Libya imposes ban on Bangladeshi workers

PBbox

Staff Correspondent

The Libyan government has banned Bangladeshi workers from entering the country because many of them were trying to travel to Europe by boat illegally, an official spokesman said on Saturday.
‘Bangladeshi workers will be banned from entry into Libya,’ said Hatem Uraibi, spokesman for Libya’s internationally recognised government, according to Reuters.
‘They come for work for Libyan firms but then embark on illegal migration (to Europe),’ Uraibi told Reuters. ‘The ban is part of government efforts to fight illegal emigration.’
The ban came at a time when thousands of Myanmar’s Rohingya and Bangladeshi migrants were feared adrift on boats in the Andaman Sea as traffickers abandoned them after a Thai crackdown threw the human trafficking route into chaos. Many of the migrants are hungry, thirsty and sick. Nearly 2,500 migrants arrived in Indonesia and northwest of Malaysia over the past week, according to newspaper reports.
Spokesman for Libya’s government gave no more details on the ban which would only apply for land borders, ports and airports in eastern Libya where the internationally recognised government is in control.
Asked about Libyan ban on manpower export, expatriates welfare and overseas employment minister Khandker Mosharraf Hossain confirmed the news of ban, but said that the Libyan authorities have taken the move to stop movement of undocumented migrants.
‘The Libyan government would not ban the Bangladeshi workers who would go there legally by taking legal jobs with emigration clearance from Bureau of Manpower, Employment and Training,’ the minister added.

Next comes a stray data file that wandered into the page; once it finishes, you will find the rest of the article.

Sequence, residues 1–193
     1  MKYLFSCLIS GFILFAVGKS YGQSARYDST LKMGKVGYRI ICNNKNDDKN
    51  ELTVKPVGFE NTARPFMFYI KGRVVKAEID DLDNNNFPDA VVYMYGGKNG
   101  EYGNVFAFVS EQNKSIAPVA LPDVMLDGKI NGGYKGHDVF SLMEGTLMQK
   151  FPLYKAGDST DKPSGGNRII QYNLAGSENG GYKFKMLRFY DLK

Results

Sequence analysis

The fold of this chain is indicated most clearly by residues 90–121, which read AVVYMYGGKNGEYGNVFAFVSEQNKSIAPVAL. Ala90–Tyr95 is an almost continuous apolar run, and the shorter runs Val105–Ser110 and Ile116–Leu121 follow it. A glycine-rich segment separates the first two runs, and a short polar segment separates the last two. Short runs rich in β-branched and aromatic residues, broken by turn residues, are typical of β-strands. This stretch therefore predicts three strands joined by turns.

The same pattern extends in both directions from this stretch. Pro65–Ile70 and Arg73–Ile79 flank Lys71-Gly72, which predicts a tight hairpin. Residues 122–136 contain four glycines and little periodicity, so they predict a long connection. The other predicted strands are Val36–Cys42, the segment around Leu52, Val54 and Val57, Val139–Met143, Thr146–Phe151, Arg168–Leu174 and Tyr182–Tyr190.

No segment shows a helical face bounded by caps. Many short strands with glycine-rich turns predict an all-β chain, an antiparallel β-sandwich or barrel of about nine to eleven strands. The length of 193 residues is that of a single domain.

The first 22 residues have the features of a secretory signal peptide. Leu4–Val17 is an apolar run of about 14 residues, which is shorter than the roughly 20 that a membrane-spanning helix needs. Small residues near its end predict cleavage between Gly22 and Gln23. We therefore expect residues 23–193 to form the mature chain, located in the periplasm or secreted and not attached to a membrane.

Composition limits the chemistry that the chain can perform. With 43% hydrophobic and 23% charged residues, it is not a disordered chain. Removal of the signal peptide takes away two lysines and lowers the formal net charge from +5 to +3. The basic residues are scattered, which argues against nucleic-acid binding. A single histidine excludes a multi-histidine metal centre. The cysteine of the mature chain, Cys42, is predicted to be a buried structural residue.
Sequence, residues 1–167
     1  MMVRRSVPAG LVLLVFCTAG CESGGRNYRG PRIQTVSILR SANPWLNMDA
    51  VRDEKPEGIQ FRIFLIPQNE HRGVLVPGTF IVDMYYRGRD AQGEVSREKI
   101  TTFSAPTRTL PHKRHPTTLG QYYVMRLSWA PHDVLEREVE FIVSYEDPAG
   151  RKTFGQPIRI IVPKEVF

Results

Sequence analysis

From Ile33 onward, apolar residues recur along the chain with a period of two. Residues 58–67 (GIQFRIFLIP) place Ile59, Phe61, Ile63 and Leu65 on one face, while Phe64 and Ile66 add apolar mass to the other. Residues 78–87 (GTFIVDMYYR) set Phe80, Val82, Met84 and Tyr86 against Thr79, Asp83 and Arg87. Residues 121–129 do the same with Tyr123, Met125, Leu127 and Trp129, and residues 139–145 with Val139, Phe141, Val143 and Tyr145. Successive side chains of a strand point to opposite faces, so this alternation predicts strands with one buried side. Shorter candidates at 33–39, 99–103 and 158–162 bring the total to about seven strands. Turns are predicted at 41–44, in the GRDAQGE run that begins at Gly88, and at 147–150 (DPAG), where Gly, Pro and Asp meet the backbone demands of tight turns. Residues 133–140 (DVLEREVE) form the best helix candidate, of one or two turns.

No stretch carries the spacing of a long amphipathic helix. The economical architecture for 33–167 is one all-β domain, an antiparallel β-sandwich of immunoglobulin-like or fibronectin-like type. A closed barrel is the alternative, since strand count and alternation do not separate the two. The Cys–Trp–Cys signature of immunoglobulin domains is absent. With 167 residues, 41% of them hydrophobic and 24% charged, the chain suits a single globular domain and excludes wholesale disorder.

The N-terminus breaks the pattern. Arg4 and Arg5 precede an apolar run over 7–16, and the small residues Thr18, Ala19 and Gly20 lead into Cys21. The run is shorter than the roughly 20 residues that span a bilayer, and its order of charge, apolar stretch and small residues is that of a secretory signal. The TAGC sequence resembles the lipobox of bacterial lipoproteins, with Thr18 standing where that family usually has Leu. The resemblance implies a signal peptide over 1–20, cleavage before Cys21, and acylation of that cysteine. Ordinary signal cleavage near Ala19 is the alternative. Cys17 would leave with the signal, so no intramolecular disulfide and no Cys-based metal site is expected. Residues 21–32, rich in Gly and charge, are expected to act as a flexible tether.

Tasneem Siddiqui, Professor of Political Science and Founding Chair of the Refugee and Migrating Movements Research Unit at Dhaka University, said that the latest ban from Libyan government would tarnish the image of Bangladesh and its total labour migration across the world.
According to Bureau of Manpower, Employment Training, Libya has been recruiting Bangladeshi workers since 1976 and it has so far recruited more than 120,000 workers.
Officials said around 50,000 Bangladeshi workers are currently living in Libya.
Earlier on July 31 last year, in a press statement, the foreign ministry advised all Bangladeshi nationals not to travel to Libya until the situation in the country was stable.
Bangladesh’s traditional labour markets, including Saudi Arabia, United Arab Emirates, Kuwait and Malaysia, continued shrinking as the countries reduced import of workers from Bangladesh over last few years despite the government efforts to reopen the markets.
The North African country, gripped by violence and a breakdown of state authority four years after the ousting of Muammar Gaddafi, has turned into a major hub for human traffickers smuggling African migrants by boat to Italy.
Western Libya, the main launch pad for smugglers sending boatloads of migrants towards Italian shores, is controlled by a rival government set up after an armed group seized Tripoli in August.
As many as 900 people may have died last month off Libya’s coast when their packed boat capsized as they were trying to reach the Italian island of Lampedusa. Many thousands more have managed to make the crossing in an almost daily exodus by boats.
The UN refugee agency says 51,000 migrants have entered Europe by crossing the Mediterranean so far this year. The flow has prompted European Union plans for naval and air operations to target smuggler vessels.
Libya is mired in conflict between the two rival governments allied to former rebel groups which helped topple Gaddafi but now fight each other in a complicated power struggle involving tribes, competing regions, Islamists and political parties.

Source: New Age